January 17, 2013: Morning Reflections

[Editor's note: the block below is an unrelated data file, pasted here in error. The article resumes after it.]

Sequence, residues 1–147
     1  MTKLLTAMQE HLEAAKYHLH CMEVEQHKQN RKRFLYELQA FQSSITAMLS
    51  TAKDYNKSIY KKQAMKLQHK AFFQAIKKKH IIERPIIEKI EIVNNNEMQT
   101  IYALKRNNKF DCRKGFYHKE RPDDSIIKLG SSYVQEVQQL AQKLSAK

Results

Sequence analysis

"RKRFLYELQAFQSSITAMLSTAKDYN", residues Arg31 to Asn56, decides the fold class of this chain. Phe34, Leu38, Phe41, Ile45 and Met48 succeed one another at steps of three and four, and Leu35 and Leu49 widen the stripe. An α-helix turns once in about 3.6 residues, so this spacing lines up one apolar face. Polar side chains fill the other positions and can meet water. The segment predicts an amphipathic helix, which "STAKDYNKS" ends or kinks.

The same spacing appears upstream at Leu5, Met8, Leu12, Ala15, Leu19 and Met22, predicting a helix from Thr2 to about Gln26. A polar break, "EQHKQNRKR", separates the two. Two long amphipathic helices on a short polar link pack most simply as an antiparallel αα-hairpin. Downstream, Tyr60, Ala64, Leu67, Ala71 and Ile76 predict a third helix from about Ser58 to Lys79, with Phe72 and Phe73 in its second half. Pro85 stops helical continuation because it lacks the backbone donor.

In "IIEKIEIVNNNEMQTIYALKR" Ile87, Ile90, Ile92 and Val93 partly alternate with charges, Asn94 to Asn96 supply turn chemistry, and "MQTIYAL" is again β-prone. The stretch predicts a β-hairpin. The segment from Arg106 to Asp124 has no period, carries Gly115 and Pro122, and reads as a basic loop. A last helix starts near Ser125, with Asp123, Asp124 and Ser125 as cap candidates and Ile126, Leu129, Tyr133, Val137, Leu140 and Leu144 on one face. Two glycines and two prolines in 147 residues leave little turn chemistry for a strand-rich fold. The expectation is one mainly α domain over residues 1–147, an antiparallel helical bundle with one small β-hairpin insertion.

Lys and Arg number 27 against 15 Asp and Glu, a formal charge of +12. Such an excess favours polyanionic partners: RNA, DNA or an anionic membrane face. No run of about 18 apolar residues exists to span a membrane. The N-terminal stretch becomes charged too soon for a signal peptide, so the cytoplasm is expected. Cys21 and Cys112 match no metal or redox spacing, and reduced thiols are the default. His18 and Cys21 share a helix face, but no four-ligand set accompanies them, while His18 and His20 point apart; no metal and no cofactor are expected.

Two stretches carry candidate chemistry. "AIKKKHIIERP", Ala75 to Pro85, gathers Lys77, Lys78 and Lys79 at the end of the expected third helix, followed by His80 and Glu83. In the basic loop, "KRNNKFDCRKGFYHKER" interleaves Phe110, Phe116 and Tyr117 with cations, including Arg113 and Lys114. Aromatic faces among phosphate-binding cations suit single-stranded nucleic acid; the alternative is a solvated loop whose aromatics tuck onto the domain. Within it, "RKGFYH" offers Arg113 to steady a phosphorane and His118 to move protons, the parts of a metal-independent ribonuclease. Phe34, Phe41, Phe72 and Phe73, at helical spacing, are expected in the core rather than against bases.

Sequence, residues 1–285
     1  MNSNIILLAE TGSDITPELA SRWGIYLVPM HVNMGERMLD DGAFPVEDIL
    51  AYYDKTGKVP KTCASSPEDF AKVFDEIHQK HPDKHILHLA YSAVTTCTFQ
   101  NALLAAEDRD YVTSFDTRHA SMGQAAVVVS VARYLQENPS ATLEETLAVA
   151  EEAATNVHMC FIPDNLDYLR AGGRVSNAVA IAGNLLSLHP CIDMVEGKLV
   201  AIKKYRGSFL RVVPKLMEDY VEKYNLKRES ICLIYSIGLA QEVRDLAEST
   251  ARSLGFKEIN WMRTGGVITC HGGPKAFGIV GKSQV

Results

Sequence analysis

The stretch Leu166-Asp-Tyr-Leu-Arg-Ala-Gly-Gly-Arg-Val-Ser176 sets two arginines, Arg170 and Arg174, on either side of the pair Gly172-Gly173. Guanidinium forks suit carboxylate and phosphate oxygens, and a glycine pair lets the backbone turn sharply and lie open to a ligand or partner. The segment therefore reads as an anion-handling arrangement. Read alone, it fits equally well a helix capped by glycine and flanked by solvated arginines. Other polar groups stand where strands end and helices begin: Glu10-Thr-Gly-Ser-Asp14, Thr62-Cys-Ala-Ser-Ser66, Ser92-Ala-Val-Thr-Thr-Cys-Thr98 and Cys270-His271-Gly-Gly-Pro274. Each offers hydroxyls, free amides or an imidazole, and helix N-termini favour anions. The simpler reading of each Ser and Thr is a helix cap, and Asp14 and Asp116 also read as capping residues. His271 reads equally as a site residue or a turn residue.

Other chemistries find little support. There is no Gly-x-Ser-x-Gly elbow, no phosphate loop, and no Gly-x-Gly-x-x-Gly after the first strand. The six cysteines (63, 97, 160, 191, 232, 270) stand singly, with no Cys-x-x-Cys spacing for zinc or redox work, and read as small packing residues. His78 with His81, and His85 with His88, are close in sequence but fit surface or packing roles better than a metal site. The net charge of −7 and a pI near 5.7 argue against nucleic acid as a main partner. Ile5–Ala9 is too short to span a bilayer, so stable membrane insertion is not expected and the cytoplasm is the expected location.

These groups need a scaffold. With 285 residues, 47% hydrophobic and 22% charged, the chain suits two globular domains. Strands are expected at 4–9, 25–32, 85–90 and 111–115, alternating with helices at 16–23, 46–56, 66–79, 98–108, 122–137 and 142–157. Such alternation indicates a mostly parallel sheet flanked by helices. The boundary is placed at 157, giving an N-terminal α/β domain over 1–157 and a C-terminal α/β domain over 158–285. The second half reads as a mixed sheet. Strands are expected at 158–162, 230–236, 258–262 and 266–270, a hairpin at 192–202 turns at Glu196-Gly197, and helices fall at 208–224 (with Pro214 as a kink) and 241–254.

I remember growing up within a rural environment in southern Wisconsin that we knew at least the basic identity of nearly every neighbor for three to five miles in any direction. After my family moved into town when I was about fourteen, we didn't know who lived on the other side of the fence around the backyard. There seems to be little argument that the world has become an overpopulated place, yet the experience of personal isolation appears to have increased in direct proportion to the addition of each new resident. To put it bluntly, there is something insane about feeling absolutely alone within the midst of billions of people--but also something disturbingly honest. It seems that what we have lost (or are losing) is consciousness of just how interconnected and interdependent we are. Each person has a unique way of perceiving, understanding, processing, and responding to information. Consequently, it would seem that if we could learn to effectively collaborate, there would be almost nothing that would go unnoticed, unlearned, and unaddressed in some hopefully constructive way. All that is currently missing is our decision and dedication to do so. Unfortunately, knowing this doesn't make my life any easier because the basic dynamic described above cannot be legislated from without but must be chosen from within. As someone instructed me many years ago, "one can only build the bridge halfway." If no one builds the other half of the bridge, the chasms between myself and others will never be crossed. For myself specifically, this has resulted in a situation within which my only immediate family are my dogs, my vocational future is uncertain, and my current financial survival is continually teetering on the brink of disaster. Nonetheless, there is no question that I have abundant abilities, that I am able to create many beautiful and inspiring things, and that I am thankfully sufficiently stubborn about not giving up that in spite of even the most adversarial circumstances, I persist in doing as much good as I can for as long as I can--but there seem to be more and more days of late within which I'm simply feeling very, very worn out and wondering where the rewards for all of this effort are hiding. In the midst of such intellectual, physical, emotional, psychological, and spiritual pursuits, I know that personal integrity and honest self-awareness remain critically important. Specific and fluctuating combinations of limitation and ability surround and shape me, alternatively inviting humility and courage within diverse moments. Things that I wish I could do and have tried to do but which remain resolutely out of reach form a sort of boundary that steers me toward other dreams where I often excel but find that I'm still waiting for others to even notice. Greater artists than I, however, were completely ignored and in some cases even scorned until after their physical lives had ended. Even if my work rises to the level of theirs, should I expect that I will receive blessings which they were denied? It is specifically because of such thoughts as all of those above, that I return again and again to the conclusion that life is primarily about the growth of the soul. The specific question with which I must now wrestle, as I mentally and emotionally prepare to meet with a clinical psychologist later today, is what effect a diagnosis of High-functioning Autism could contribute to the growth of my soul. Conversely, what if a different diagnosis is discovered? Considering more than thirty qualities on my list of possible indications of some sort of anomalous categorization, I will be very surprised indeed if the answer I receive is that there is nothing unique about me at all, but even then my conclusion remains that life is primarily concerned with the growth of the soul. I guess, all things considered, that for which I most wish, is a sense of family, of community, and of friends along the way. Not superficially, in name only, but functionally; that when I metaphorically reach out into the darkness, I will always find someone there, willing to also take my hand and journey onward together for as long as we can.